New article out on Hammett today in The Sacramento Bee, if you want to keep up with what’s trending.
The idea — the suggestion — is that Hammett lived in room 505 of what is now the Hotel Union Square, for quite awhile, and wrote who knows what there, on a typewriter found in the basement. Or something like that.
His known biography says otherwise, of course — that hotel is where his wife stayed briefly before they were married in summer 1921, then they rented rooms in 620 Eddy and other places until leaving San Francisco late in 1929.
But if they have guest ledgers with Hammett’s distinctive signature to show otherwise, hey, I’m willing to listen. The typewriter keystrokes can be compared to surviving typescripts to see if his Frisco writing was done on that machine, or not. He used one typewriter for everything written in this burg, then got a new one in New York, and others after that.
If they have the authentic typewriter on which Hammett wrote The Maltese Falcon, it’s worth many thousands, and they might want to consider locking it up.
You’ll notice the Spade and Archer logo in the window, based on the 1941 film. I usually point it out to people on the tour, and everybody loves it. (There’s been one in a window on Pine between Powell and Stockton for many, many years now, and there have been others in the past, here and there — everybody loves a Spade and Archer logo.)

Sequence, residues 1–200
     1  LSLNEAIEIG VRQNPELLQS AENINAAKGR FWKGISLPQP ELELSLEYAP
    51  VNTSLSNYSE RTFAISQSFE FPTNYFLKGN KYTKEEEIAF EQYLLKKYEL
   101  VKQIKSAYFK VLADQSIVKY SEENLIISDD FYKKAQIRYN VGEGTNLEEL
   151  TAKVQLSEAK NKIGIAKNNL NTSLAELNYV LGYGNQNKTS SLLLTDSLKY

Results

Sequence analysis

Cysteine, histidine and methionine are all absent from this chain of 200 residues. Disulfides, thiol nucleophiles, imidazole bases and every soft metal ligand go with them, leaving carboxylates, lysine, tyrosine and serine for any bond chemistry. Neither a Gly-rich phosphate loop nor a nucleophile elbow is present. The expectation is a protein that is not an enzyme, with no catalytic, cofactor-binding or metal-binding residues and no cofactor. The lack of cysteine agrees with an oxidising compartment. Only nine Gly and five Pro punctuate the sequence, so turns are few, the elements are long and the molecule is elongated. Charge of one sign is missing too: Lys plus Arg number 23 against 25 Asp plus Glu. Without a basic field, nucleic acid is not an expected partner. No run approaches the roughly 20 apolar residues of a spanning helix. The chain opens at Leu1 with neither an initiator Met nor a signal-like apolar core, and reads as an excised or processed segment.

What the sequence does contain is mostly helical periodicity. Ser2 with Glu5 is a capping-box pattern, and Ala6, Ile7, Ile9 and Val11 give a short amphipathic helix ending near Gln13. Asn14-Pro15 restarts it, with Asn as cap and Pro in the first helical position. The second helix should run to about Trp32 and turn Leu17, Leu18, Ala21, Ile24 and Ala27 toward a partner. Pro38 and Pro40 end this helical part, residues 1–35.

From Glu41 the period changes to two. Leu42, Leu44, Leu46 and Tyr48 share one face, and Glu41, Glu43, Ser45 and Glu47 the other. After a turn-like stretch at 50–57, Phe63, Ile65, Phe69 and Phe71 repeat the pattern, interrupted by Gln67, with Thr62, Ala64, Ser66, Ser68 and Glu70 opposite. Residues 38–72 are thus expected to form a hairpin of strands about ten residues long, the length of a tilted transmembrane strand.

Yeah, people in general love the Mickey Mousification of history, and as long as I’m not expected to believe it, let them eat cake. I remember a manager in the hotel, probably twenty years ago — very nice guy, we were there for some charity event they were hosting — who said they didn’t know for certain, but they felt Hammett lived there for many years and wrote all of his most famous books there. (Back then they didn’t have the Hammett room, they had a penthouse suite called the Lillian Hellman Suite — yes, Hammett’s wife stayed there, not Lillian Hellman).
And I remember going back in a time machine with Bill Arney, we got Hammett drunk, fed him some swell lines, and then he wrote The Maltese Falcon.